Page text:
It all started with my decision not to join the military. I wanted to serve people but do so in other ways. In a random google search, I typed in “suicide hotline volunteer.” An online application eventually led to an interview. Soon after, I began training as a crisis/suicide hotline volunteer.
My training covered a myriad of topics, one of which was domestic violence. Christina Baer, Director of The Prevention Project from A Woman’s Place (AWP) did the domestic violence presentation. She gave us literature to keep as a resource. Little did I know then that I would use the material quite often.
Training completed, I became a hotline volunteer. Over the following year, I often turned to AWP. Many times I spoke with victims of domestic violence and called the AWP hotline for advice. Speaking to AWP staff, I found them to be extremely helpful and as kind as can be. Impressed by the help, I decided to research AWP in depth and concluded that I needed to be a part of this organization. I went to their website to find the requirements to become an AWP volunteer, and sent in my application. When the Community Outreach Response and Education (C.O.R.E.) training finally began, I had no idea the eye-opening experience I was in for.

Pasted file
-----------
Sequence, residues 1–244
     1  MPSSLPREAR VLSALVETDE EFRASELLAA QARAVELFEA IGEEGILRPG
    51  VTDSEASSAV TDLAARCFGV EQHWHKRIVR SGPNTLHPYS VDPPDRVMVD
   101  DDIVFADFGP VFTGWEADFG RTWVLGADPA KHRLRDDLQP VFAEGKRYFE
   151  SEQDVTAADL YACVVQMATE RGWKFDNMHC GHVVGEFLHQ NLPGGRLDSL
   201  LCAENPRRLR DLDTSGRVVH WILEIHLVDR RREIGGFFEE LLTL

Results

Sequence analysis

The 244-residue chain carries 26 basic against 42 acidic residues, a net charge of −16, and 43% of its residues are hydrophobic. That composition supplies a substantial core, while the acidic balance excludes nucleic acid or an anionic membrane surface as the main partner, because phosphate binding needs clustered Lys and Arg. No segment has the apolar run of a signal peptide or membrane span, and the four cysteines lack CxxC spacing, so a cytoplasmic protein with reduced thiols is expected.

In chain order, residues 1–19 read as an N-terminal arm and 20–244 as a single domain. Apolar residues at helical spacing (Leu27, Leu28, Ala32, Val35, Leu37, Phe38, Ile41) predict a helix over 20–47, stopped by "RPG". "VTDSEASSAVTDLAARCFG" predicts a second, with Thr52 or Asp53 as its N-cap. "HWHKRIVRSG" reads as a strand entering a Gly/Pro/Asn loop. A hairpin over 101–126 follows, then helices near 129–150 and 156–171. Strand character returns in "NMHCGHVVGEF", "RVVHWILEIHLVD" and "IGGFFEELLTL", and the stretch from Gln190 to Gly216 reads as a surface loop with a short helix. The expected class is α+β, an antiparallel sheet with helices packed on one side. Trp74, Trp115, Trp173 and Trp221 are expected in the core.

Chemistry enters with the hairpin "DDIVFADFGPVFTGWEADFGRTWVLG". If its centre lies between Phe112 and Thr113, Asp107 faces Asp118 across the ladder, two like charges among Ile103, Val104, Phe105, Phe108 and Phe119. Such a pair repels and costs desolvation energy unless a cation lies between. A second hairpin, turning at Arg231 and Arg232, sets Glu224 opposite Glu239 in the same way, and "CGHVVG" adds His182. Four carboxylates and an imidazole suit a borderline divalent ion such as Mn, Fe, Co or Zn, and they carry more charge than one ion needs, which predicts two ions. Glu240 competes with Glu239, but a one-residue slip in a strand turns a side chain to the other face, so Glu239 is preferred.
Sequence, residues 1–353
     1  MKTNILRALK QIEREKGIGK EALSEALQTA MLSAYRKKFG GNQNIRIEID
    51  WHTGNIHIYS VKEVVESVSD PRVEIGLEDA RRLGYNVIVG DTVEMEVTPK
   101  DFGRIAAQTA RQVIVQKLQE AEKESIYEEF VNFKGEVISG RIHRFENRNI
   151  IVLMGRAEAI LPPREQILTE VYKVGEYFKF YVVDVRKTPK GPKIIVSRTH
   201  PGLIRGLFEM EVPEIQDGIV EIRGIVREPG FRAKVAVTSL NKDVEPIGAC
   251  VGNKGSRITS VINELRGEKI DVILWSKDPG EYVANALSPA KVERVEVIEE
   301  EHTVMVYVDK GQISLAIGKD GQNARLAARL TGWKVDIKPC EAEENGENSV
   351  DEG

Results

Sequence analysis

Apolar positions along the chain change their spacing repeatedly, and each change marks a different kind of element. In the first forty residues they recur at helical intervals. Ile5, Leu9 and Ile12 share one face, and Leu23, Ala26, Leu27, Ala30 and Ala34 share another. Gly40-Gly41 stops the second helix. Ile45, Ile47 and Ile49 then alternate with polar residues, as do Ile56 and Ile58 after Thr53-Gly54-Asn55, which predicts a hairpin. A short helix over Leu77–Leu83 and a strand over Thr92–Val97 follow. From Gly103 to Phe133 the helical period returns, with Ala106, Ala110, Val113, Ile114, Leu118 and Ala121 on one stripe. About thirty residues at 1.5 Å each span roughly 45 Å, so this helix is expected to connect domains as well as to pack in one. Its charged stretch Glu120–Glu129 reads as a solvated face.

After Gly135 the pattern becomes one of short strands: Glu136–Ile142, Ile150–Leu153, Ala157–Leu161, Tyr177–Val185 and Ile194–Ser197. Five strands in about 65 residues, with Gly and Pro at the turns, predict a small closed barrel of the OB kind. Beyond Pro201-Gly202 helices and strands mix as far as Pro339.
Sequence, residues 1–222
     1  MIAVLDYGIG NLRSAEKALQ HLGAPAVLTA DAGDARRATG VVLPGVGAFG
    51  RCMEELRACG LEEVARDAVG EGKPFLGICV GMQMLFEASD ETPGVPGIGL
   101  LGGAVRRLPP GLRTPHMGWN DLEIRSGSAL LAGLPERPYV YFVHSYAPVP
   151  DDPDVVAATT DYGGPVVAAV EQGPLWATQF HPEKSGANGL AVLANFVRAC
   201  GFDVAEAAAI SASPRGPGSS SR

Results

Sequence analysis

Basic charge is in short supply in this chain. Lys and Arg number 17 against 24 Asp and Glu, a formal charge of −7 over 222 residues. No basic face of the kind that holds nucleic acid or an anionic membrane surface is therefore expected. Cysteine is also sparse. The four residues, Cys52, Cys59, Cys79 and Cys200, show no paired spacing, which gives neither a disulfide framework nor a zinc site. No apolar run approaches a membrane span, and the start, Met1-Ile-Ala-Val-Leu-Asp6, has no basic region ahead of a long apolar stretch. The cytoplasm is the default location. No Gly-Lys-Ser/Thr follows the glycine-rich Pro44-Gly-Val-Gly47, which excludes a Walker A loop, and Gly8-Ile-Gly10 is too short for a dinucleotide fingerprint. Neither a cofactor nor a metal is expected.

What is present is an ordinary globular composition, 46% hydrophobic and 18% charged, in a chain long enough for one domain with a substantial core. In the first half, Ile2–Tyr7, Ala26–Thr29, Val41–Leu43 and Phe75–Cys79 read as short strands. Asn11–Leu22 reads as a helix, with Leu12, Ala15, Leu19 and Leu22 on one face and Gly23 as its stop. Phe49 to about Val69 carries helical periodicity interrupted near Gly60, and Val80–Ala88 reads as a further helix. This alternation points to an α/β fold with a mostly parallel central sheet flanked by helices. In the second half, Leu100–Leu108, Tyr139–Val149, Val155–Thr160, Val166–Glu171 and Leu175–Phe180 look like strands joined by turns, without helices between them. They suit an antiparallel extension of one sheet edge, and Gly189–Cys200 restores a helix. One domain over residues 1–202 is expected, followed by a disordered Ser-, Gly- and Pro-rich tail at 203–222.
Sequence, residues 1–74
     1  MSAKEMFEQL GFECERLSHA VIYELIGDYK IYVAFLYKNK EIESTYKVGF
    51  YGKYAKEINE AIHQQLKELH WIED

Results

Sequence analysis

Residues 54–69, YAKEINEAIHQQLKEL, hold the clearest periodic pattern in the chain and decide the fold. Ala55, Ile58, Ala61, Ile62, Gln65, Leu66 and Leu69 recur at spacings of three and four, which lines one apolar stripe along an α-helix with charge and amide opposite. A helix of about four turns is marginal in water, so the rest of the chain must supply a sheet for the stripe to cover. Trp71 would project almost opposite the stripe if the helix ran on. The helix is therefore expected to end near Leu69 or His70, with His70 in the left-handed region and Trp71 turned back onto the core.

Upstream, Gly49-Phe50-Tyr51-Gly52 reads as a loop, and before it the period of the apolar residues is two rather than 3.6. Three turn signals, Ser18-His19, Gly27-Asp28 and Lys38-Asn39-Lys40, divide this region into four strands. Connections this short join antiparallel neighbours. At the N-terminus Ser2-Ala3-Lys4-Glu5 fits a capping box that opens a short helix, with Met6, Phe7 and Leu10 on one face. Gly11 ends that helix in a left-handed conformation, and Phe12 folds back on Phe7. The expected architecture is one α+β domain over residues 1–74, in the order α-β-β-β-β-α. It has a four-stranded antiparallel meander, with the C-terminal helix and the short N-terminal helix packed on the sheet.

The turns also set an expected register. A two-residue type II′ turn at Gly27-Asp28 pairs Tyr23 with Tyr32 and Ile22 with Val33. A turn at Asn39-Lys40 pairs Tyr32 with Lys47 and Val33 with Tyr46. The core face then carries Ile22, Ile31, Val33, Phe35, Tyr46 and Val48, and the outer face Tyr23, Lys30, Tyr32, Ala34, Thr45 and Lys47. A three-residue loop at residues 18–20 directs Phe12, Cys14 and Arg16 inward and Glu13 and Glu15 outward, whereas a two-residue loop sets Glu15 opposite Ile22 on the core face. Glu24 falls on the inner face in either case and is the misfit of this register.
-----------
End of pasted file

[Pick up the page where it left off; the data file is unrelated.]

As I sat in C.O.R.E. training, a video was shown of a woman by the name of Susan Still who was a victim of domestic violence. Being someone who frequently volunteered as a worker on a crisis line, I thought that I could handle watching anything, and that my thick skin would hold up to what I was about to witness.
I was wrong, very wrong. The video shows a loving mother being savagely attacked and demeaned… her son forced to film it all. Susan lived a life of walking on egg shells, in sheer fear of saying or doing something to set her abuser off. I sat there floored by horror, unable to understand how someone could treat a person who loves them that way. I imagined if that had been my mother, my cousin or any of the women in my family.
This gave me even greater motivation to help people who experience abuse. I feel obligated to help, as I owe a lot of who I am to the strong women in my life. They taught me to respect women and to have compassion for others. That is why I am here.